>> > to committing, and when applicable, it is polite for reviewers to do so.
>> >
>> >   5. Aim to limit the number of iterations in the review process. For
>> > example, when suggesting a change, if you want the author to make a
>> > similar set of changes at other places in the code, please explain the
>> > requested set of changes so that the author can make all of the changes
>> > at once. If a patch will require multiple steps prior to approval
>> (e.g.,
>> > splitting, refactoring, posting data from specific performance tests),
>> > please explain as many of these up front as possible. This allows the
>> > patch author to make the most-efficient use of his or her time.
>> If the path forward is not clear - because the patch is too large to
>> meaningful review, or direction needs to be settled - it is fine to
>> suggest a clear next step (e.g. landing a refactoring) followed by a
>> re-review.  Please state explicitly if the path forward is unclear to
>> prevent confusions on the part of the author.
>> >
>> >   6. Some changes are too large for just a code review. Changes that
>> > should change the Language Reference (e.g., adding new
>> > target-independent intrinsics), adding language extensions in Clang,
>> and
>> > so on, require an RFC on *-dev first. For changes that promise
>> > significant impact on users and/or downstream code bases, reviewers can
>> > request an RFC (Request for Comment) achieving consensus before
>> > proceeding with code review. That having been said, posting initial
>> > patches can help with discussions on an RFC.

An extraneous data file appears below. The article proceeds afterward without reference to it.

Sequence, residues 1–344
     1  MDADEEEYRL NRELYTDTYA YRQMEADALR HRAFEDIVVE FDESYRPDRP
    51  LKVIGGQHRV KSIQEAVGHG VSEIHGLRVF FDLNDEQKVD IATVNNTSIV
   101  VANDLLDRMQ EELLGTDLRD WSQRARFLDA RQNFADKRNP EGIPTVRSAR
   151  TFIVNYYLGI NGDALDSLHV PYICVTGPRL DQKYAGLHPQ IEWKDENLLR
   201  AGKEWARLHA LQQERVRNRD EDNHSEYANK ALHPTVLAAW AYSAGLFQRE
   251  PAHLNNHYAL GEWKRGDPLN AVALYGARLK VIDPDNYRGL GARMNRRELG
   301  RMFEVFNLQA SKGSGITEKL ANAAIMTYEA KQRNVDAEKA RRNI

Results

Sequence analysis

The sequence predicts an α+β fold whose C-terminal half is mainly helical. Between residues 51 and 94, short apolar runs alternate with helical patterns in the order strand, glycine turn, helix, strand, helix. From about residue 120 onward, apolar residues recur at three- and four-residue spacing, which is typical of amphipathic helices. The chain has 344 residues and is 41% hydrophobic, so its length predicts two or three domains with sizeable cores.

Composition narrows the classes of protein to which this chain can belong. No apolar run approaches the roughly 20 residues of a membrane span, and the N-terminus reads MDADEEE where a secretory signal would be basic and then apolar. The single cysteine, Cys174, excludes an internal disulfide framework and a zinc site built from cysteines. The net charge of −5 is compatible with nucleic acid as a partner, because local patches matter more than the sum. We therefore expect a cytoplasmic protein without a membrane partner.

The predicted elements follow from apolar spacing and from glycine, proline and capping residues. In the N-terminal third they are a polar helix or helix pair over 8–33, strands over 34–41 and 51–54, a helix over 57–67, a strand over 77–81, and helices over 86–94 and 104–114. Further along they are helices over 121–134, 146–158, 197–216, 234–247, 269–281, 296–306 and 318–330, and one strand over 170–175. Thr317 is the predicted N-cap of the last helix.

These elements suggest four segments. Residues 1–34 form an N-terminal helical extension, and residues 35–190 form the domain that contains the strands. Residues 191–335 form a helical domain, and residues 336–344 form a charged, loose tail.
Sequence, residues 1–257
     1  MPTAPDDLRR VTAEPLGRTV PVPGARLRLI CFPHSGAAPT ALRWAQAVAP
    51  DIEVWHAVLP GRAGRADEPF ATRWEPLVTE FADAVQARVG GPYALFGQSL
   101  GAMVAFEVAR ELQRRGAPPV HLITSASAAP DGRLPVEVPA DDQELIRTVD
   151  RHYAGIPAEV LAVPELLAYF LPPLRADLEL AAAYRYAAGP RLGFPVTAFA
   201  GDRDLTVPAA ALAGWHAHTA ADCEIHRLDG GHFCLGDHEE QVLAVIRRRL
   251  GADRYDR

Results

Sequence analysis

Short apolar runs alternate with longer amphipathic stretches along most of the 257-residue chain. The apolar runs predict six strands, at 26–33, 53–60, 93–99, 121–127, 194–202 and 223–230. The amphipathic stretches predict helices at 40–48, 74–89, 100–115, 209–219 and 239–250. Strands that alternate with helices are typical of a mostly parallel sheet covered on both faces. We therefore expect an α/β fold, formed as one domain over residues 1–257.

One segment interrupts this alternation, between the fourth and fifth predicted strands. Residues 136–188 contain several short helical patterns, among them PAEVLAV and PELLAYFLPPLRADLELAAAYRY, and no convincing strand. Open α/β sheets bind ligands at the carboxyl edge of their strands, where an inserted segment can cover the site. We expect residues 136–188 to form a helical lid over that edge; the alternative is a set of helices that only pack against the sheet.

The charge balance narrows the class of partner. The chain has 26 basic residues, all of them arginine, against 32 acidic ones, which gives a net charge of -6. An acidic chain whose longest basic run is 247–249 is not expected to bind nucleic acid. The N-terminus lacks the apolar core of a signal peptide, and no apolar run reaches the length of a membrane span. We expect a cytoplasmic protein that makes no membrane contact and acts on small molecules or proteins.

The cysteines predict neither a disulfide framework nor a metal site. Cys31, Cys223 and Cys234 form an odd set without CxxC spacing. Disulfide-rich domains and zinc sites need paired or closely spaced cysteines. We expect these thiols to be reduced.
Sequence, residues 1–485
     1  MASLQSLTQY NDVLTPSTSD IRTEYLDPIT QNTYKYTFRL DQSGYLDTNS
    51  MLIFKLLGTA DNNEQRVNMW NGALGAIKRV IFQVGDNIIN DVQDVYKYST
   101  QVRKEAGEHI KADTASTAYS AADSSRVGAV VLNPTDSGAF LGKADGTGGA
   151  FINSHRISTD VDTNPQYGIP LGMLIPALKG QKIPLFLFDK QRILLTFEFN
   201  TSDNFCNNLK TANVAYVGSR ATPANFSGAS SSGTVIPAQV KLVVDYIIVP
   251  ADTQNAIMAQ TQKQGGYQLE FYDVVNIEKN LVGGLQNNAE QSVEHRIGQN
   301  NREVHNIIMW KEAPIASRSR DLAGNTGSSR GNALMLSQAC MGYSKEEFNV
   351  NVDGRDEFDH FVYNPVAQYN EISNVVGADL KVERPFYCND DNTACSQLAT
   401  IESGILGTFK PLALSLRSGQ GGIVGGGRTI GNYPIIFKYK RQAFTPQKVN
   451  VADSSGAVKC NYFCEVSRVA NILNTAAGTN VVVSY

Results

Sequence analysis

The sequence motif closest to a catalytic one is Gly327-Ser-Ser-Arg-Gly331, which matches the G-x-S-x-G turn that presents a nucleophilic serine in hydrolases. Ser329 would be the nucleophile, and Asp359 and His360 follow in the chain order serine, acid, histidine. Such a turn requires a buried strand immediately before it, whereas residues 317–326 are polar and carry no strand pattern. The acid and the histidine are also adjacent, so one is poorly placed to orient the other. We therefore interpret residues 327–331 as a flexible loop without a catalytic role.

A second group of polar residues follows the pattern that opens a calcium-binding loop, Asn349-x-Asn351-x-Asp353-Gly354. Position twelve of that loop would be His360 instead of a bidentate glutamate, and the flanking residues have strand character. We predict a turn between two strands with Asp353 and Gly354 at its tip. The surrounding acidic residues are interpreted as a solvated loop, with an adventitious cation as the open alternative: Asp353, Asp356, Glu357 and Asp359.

>> >
>> > Lastly, the current text reads, "Code reviews are conducted by email on
>> > the relevant project’s commit mailing list, or alternatively on the
>> > project’s development list or bug tracker.", and then only later
>> > mentions Phabricator. I'd like to move Phabricator to be mentioned on
>> > this line before the other methods.
>> >
>> > Please let me know what you think.
>> >
>> > Thanks again,
>> >
>> > Hal
>> A couple of additional things:
>> Only a single LGTM is required.  Reviewers are expected to only LGTM
>> patches they're confident in their knowledge of.  Reviewers may review
>> and provide suggestions, but explicitly defer LGTM to someone else.
>> This is encouraged and a good way for new contributors to learn the code.
>> There is a cultural expectation that at least one reviewer is from a
>> different organization than the author of the patch.  If that's not
>> possible, care should be taken to ensure overall direction has been
>> widely accepted.
>> Post commit review is encouraged via either phabricator or email.  There
>> is a strong expectation that authors respond promptly to post commit
>> feedback and address it.  Failure to do so is cause for the patch to be
>> reverted.  If substantial problems are identified, it is expected that
>> the patch is reverted, fixed offline, and then recommitted (possibly
>> after further review.)
>> _______________________________________________
>> LLVM Developers mailing list
>> llvm-dev at lists.llvm.org
>> https://lists.llvm.org/cgi-bin/mailman/listinfo/llvm-dev
> --
> Hal Finkel
> Lead, Compiler Technology and Programming Languages
> Leadership Computing Facility
> Argonne National Laboratory
> _______________________________________________